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Management of Infertility in Females

Dr. Umesh N. Jindal

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Treatment Modalities

Infertility treatment in females can be described under three main categories: (a) Medical; (b) Surgical; © Assisted Reproduction techniques (ART).

A. Medical Management

Ovulation induction – The successful therapy of ovulatory disorders is the most dramatic advancement in gynaecological endocrinology. Today if lack of ovulation is the only cause operating in a particular couple, the chances of conception with treatment equals that of normal fertile population. Super-ovulation strategies and ART have improved the rates of success in every normo-ovulatory women.

Clomiphene Citrate (CC) – Clomiphene is an orally active nonsteroidal agent distantly related to diethylstilbestrol. CC is a week estrogen and modifies hypothalamic activity by affecting concentration of intracellular estrogen receptors. CC therapy does not directly stimulate the ovaries but supports a sequence of events that form the physiological features of a natural cycle. In other words, it resets the disturbed hypothalamo-pituitary-ovarian axis in cases of polycystic ovarian disease (PCOD). In contrast, CC acts as an antagonist in uterus, cervix and vagina which may be responsible for many CC failures. Absent or infrequent ovulation is the chief indication for CC therapy. Cases of ovarian failure are unresponsive to any form of ovulation induction. Patients who are more likely to respond to clomiphene are anovulatory women who have normal gonadotrophin and estrogen production but do not cycle and women with inadequate luteal phase. Women who are deficient in gonadotroph ins and are hypoestrogenic can not be expected to respond to CC. In normally cycling women a few cycles of CC treatment may be justified and do improve results in cases of infertility of no demonstrable cause by correcting certain minor ovulatory dysfunctions.

CC is given in 50-100 mg dose starting on 3rd day of a spontaneous or induced withdrawal bleed. The administration of CC early in the cycle favors multiple follicular recruitment and reduces the antiestrogenic effects on uterus. Dose can be increased up to 200-250 mg per day. However, maximum pregnancies are achieved at 50-100 mg dose. Monitoring of cycle with basal body temperature chart, LH kits or USG is highly desirable to evaluate the efficacy of cycles. In properly selected cases, 80% women can be expected to ovulate and approximately 40% become pregnant. Of these, 5% pregnancies may be multiple almost entirely twins. There have been some reports of high order multiple pregnancies and hyper-stimulation. Minor side effects include vasomotor flushes (10%), abdominal distension, bloating, pain, soreness, breast discomfort, nausea, vomiting, visual symptoms, headache, dryness and loss of hair.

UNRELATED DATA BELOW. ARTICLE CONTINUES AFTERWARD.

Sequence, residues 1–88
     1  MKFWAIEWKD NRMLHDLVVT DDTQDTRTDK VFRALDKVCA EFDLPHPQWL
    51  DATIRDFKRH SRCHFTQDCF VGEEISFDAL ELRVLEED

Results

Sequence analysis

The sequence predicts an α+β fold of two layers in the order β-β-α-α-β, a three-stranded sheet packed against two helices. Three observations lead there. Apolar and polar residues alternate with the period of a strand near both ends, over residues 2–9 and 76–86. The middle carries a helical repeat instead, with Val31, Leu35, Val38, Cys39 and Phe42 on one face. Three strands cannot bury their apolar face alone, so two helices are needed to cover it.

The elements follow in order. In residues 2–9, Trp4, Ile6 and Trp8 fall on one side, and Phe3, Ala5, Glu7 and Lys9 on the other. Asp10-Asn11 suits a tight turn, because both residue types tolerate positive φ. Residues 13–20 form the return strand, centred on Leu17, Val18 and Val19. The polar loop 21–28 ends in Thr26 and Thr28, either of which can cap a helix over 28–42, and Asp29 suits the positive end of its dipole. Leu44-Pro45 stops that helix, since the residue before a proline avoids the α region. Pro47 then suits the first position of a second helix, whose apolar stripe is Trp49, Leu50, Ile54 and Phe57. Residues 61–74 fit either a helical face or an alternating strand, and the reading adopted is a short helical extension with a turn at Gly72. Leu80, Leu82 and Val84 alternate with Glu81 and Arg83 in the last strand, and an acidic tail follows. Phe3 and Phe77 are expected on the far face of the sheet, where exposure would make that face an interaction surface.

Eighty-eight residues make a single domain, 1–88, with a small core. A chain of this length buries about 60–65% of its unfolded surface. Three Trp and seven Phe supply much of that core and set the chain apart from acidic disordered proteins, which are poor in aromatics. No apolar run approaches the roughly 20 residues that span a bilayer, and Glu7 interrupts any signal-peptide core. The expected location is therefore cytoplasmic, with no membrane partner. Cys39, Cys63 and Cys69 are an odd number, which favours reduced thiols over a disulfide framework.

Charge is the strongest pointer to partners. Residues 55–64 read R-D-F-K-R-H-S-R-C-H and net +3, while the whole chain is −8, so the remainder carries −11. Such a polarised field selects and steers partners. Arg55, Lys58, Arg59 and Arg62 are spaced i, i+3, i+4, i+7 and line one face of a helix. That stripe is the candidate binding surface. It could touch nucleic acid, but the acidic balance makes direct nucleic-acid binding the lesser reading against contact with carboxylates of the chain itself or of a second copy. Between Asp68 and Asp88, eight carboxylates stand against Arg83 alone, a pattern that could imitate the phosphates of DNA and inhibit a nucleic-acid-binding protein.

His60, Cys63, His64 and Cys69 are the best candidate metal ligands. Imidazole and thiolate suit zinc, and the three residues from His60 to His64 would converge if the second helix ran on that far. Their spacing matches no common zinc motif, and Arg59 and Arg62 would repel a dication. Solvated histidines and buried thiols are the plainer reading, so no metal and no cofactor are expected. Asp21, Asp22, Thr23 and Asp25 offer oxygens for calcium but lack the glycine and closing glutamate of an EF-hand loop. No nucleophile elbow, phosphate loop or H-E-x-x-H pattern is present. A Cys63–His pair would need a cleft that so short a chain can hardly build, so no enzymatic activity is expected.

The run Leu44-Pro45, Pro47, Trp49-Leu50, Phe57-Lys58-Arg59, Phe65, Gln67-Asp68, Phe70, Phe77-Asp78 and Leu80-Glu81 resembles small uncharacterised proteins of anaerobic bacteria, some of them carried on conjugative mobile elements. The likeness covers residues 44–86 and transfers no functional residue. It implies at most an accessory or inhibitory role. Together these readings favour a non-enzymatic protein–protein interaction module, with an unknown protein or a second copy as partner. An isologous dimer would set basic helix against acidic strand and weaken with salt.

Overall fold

CC and dexamethasone (DEX) – Patients with hirsutism and high circulating androgen concentrations are more resistant to CC. DEX 0.5 mg to blunt the night-time peak of ACTH is added to decrease the adrenal and intra-ovarian androgens. Sometimes, dramatic response can be obtained. However, indiscriminate and long term use of this potentially harmful drug should be avoided.

CC and Bromocriptine (BRC) – Elevated prolactin levels interfere with the normal function of the menstrual cycle by suppressing the pulsatile secretion of GnRH. This is manifested clinically by ovulatory dysfunction ranging from subtle ovulatory dysfunction to total suppression of ovarian activity with hypoestrogenic amenorrhoea. Bromocriptine (BRC) is a dopamine antagonist which directly inhibits pituitary secretion of prolactin. It is a highly successful treatment of hyperprolactinaemic anovulation and may be combined with CC or gonadotrophin’s for more resistant cases. Normoprolactinaemic galactorrhoea also responds well to BRC. Normoprolactinaemic anovulatory cycles sometimes respond to addition of BRC. However, results are controversial and extended empirical therapy should be avoided.

Eltroxin (Elt) – Hypothyroidism, even if subclinical, should be treated and monitored to achieve euthyroid state. Empiric use of thyroid extract or eltroxin is of no use.

Metformin – Orally active anti-diabetic agent is the latest addition to adjuvent drugs. It acts by lowering insulin resistance and improved peripheral utilization of glucose. In obese, hirsute women, metformin with diet control may significantly reduce weight and improve results of ovulation induction.

Gonadotrophins – Pituitary gonadotrophins are available as purified preparations extracted from urine of post-menopausal women. Some commercial preparations are listed below:

  Name Contents
1 Human Menopausal Gonadotrophin (HMG) Menotropin 75 I.U. 75 I.U.
2. Urofollitropin (FSH 75 I.U. 1 I.U.
3. Highly Pure FSH (FSH-hP) 75 I.U. 1 I.U.
4. Recombinant FSH 
Follitropin –
50 I.U.
75 I.U.

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